But I couldn't forsake the conference tournaments entirely.
Stanford had already won. St. Joe's and Syracuse had already lost. So I watched the Villanova-Providence game with half-interest, tuned in to root for Washington in the last three minutes of their game with UCLA, and then contemplated watching the Arizona game.
I was pretty sure Arizona would win, even though USC gives them trouble on a consistent basis. That Henry Bibby vs. Mike Bibby tension still persists.
When I realized the score was getting closer, though, I decided to watch the game after all. The Wildcats didn't play that well. When USC's leading scorer Desmon Farmer shoots 10% and the game is still up for grabs, something is amiss. As usual, it was Salim Stoudamire.
Having seen the ASU teams from the early 1990s that were shaving points, I have to wonder about the radical inconsistency in Stoudamire's game. Maybe he needs to mellow out in the manner of his cousin?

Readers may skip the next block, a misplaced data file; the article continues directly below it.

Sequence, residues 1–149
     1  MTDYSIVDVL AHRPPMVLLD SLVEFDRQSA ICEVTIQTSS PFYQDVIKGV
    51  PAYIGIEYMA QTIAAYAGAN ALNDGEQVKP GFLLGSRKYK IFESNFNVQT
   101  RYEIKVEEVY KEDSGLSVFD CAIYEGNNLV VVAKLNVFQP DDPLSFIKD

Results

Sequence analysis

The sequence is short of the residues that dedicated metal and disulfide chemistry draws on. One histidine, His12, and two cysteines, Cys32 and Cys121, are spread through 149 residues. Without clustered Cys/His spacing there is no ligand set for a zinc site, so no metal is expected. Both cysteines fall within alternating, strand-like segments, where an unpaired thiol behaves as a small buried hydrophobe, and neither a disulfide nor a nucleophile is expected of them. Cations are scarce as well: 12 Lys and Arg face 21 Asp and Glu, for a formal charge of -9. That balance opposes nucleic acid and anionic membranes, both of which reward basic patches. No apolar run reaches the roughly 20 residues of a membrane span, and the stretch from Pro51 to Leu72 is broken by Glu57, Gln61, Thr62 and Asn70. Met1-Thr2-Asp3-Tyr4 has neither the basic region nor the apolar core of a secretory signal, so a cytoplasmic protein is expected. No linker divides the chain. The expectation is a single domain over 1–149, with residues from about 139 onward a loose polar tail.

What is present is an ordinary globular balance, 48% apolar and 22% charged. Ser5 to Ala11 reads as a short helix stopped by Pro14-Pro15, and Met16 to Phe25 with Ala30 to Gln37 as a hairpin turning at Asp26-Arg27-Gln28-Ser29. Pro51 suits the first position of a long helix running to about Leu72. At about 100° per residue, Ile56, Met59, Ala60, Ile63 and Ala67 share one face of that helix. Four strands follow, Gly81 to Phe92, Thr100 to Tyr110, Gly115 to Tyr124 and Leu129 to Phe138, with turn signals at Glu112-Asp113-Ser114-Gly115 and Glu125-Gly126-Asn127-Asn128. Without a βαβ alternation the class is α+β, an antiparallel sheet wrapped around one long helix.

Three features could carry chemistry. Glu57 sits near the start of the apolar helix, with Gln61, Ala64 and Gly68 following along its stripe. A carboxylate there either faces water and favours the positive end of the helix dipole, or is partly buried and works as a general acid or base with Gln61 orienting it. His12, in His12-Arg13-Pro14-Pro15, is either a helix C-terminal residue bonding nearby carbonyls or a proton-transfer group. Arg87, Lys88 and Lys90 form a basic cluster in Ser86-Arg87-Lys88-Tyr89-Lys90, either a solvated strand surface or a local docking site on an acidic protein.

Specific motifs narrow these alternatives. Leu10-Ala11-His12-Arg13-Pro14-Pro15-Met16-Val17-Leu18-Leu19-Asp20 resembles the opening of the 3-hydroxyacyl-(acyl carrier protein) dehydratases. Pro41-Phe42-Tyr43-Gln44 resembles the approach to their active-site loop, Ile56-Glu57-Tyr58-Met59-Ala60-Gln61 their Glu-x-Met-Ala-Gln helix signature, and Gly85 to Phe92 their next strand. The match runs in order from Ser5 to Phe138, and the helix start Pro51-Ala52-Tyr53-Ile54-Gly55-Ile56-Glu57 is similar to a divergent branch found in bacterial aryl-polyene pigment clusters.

Seriously, the problem is a lot less dramatic. Stoudamire sulks the way I used to when playing miniature golf at age thirteen. And he only seems capable of dribbling with one hand.
As it turned out, of course, Hassan Adams, Channing Frye, and Mustafa Shakur took up enough slack for the Cats to win.
A funny thing happened along the way too: I realized I would be sad to see Arizona lose.
I always pull for the Pac-10 in non-conference games and the tournaments. But rooting for Arizona in conference play has not come easy. When USC beat them earlier this year, I was sort of glad to see them get a reality check.
In a season underscored by a loss to Oregon State and two losses to the Huskies, however, the Wildcats' arrogance -- and the arrogance of their whiny, red-clad, Republican fans -- recedes in importance.
Yes, I wanted them to beat USC. Yes, I leapt out of my chair when Shakur's game-winning shot dropped through the net.
I may feel a little sordid, but my preference is clear.
Not that preferring anyone over USC is much of an accomplishment.